There is hardly anything else that physically and materially epitomizes Donald Trump's doctrine better than the U.S. president’s desire to erect a wall along the border with Mexico.

In this case, the wall has ceased to be made of concrete, steel and sensors and has been transformed into a flag: the ideology's flag. Will this wall, if ever constructed, become the biggest transparency of Trump's ideology? And more importantly, what would this wall be a reference to?

If we know anything about the Republicans in the U.S., including the fact that they chose to nominate Trump to run for president, it is that they do not like inflating the budgets of federal structures, with one important exception, however: those government departments that are responsible for security. Therefore, the expenditures related to the Department of Homeland Security and the Department of Defense are rather tolerated by the U.S. right wing, unlike payments for social services (such as health care, for example).

To put it bluntly, the Republicans and Trump would not "throw away" some $5.7 billion in tax money for the construction of a wall that they are not convinced is necessary. And we’re not even talking here about the fact that in 2018, there was a registered 23 percent increase in the number of subjects detained along the southern border with Mexico that tried to enter the United States illegally (521,000 people in 2018 compared with 416,000 people in 2017).

In another aside, it appears that the immigrants – who I highly doubt like the U.S. president, a man that boosted his party's midterm election campaign with rhetoric against the very same immigrants – don't mind living in the country that Trump runs. The problem here is that all those trespassing illegally at the border already violate the laws and sovereignty of that country. If the first contact between an immigrant and the host country is manifested in the immigrant's breach of the law, therefore, what course of action can he or she then be expected to take within the boundaries of that state? Not to mention that the issue of human trafficking and drug trafficking along the southern border of the United States with Mexico would be impossible without taking into account the same illegal channels.

Regardless of the Democrats’ opposition to the wall, the problem of illegal immigration along the southern border has already been recognized. Otherwise, the protection facilities that run along approximately one-third of the border with Mexico would not have been built (running for approximately 654 miles of the 2000-mile border). But the possible construction of the wall – the reason that the partial shutdown of the United States federal government is continuing – is not simply a budgetary disagreement between Trump and the Democrats, but much more. It is the engagement of values in diametrically different political vectors.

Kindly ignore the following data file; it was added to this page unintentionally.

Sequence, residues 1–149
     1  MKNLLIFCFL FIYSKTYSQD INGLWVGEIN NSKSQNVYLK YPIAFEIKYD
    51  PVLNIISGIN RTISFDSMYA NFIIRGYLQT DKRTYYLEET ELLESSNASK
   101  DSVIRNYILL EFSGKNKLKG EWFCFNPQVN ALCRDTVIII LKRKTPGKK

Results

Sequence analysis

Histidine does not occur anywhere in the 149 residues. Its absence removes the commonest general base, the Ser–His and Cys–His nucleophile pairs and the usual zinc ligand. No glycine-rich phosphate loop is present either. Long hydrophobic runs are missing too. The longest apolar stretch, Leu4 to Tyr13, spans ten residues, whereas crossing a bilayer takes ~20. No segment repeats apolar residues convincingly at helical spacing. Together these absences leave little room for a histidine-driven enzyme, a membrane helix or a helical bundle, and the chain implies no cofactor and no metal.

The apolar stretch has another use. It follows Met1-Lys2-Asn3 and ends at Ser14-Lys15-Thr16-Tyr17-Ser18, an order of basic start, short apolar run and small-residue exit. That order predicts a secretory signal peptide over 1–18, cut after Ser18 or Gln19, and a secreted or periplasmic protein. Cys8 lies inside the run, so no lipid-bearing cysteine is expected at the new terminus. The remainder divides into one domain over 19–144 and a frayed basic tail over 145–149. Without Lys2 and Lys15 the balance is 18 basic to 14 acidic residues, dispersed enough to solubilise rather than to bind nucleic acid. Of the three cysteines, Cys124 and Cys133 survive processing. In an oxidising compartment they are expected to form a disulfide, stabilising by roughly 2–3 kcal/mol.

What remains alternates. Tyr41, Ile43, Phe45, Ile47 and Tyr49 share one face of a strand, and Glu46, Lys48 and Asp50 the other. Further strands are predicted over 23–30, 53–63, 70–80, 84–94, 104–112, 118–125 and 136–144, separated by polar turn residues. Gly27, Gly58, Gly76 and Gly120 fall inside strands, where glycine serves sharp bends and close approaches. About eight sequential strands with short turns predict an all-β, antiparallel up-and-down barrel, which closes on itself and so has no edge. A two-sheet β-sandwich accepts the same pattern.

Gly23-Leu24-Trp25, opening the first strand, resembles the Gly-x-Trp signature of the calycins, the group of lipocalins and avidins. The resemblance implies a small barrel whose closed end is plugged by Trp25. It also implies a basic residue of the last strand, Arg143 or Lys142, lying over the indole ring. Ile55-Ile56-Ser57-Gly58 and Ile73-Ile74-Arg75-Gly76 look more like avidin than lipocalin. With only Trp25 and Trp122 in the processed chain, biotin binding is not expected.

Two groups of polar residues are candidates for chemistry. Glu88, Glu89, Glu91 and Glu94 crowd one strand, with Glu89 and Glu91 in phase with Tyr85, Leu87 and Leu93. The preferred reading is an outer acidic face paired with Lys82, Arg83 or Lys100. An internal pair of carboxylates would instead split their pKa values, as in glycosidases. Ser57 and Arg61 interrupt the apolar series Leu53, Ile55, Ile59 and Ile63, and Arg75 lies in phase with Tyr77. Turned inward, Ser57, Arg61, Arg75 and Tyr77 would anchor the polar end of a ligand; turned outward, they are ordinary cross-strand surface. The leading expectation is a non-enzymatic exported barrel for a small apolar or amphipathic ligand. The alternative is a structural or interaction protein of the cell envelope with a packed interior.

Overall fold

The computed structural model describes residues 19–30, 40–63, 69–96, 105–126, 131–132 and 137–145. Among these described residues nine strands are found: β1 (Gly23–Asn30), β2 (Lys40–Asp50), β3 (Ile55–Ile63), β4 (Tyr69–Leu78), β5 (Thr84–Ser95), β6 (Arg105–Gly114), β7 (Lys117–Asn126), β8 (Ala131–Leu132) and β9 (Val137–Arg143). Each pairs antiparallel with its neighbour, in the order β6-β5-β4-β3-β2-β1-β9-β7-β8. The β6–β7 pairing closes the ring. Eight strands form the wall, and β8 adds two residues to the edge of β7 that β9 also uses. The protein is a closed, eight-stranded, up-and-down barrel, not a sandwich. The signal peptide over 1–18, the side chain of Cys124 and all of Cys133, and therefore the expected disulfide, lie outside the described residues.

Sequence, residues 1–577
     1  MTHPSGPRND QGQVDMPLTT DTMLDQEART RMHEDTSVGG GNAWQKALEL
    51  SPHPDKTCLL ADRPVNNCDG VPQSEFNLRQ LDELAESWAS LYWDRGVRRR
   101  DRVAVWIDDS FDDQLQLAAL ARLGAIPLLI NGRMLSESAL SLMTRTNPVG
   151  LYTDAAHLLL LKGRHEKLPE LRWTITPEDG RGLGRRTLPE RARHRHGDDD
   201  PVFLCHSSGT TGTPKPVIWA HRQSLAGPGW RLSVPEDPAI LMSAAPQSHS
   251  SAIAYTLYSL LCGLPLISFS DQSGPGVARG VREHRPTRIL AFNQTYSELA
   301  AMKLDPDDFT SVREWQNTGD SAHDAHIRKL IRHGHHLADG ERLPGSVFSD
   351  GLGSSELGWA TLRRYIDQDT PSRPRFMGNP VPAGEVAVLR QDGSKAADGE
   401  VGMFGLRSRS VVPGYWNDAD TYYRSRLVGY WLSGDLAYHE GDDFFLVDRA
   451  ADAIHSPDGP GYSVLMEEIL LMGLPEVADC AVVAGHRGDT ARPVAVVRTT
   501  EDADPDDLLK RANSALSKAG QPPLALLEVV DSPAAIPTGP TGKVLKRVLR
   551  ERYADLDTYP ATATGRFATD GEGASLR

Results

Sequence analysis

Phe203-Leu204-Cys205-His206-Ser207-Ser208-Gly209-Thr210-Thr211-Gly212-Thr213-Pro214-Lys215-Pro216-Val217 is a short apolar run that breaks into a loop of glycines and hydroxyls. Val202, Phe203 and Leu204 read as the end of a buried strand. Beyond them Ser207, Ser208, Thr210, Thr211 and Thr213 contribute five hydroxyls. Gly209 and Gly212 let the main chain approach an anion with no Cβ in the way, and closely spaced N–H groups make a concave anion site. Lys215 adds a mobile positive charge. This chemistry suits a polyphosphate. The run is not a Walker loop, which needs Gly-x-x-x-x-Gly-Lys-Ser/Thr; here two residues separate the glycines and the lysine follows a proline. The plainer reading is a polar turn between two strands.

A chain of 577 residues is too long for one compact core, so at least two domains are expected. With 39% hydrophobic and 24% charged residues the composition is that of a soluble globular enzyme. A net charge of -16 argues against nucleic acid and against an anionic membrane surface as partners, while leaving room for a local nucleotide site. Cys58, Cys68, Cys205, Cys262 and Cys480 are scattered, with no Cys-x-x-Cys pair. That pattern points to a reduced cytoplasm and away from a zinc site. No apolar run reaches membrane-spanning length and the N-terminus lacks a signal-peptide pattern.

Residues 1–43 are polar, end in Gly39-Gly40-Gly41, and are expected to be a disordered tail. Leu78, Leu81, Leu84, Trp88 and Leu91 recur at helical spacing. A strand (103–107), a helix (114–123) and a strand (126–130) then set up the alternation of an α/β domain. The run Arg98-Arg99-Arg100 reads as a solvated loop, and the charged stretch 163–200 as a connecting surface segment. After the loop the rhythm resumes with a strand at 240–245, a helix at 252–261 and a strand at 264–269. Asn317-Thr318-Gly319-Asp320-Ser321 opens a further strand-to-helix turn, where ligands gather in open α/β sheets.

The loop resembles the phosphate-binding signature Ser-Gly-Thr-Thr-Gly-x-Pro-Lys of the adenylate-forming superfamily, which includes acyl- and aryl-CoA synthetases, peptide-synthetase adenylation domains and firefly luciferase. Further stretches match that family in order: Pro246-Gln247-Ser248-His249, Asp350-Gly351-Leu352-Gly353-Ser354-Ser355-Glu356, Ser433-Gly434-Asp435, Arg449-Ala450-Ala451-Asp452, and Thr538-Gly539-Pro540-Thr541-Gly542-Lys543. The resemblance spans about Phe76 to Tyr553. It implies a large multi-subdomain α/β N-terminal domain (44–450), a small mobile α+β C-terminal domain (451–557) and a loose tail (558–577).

That is why the issue of the wall is important, regardless of whether it is built or not in the end. Trump’s wall is already a symbolic monument, marking the revision that occurs in relation to the space we call “trans-Atlantic.” Namely, the trans-Atlantic space was carpeted by one ideology over the last three decades , that of extrovert liberalism.

It is extrovert because it destroyed walls and borders, in particular, that of the individual, of the family and of the state. The scattered self, the relative meaning of the family and shared states was the global project of liberalism. For this purpose, the extrovert liberalism had to crack down on all passionarity, ethnic nuclei, culture and religion - because the same were viewed as conveying differences and hence conflicts.*

But it was as if someone had decided to merge the football teams of Levski Sofia and CSKA Sofia into a third entity, hoping that instead of fighting, the fans of both teams would address each other with words. No matter how noble something is, when it is simply foolish, it can cause more harm than good. As the saying goes, the road to hell is paved with good intentions.

But, the passionarity nuclei are a source of something else: of identity. Man is ultimately a set of components, which do not succumb to being reformatted. Yes, of course, each person may acquire one or more habits. Yes, of course, the expansion of the cultural horizon is always useful. But, you cannot teach yourself to have another identity.

Nevertheless, extrovert liberalism believes in the creation of one broad and open-minded man, who will be socially and culturally promiscuous, who will be the same everywhere because everywhere will be the same. And if there is an identity crisis today, it is precisely a reaction to the experience of programming a new man, perhaps, of a new Aryan.

But if a person is a citizen of the world, he or she is a citizen of nowhere, as British Prime Minister Theresa May said not long ago. That is why we have started the discussion about building walls again. Extrovert liberalism is met by the revision of the introvert conservatism. With respect to the latter, a person is not a universal character, but he or she is unique, because he or she is created by God. The family is not something relative but rather a boat used to fight the waves of life. And the state is not just a bureaucratic apparatus but rather a composition of cultural and historic layers.

The self, the family and the state are three private territories (those of the individual, relatives and fellow citizens, respectively), whose boundaries must not be crossed illegally. If this happens, walls will appear along the borders. The amount of $5.7 billion might otherwise be a lot of money, but not in this case.

*Editor’s note: Passionarity is a concept introduced by the late Russian historian Lev Gumilev, which can be explained as the level of vital energy and power characteristic of any given ethnic group.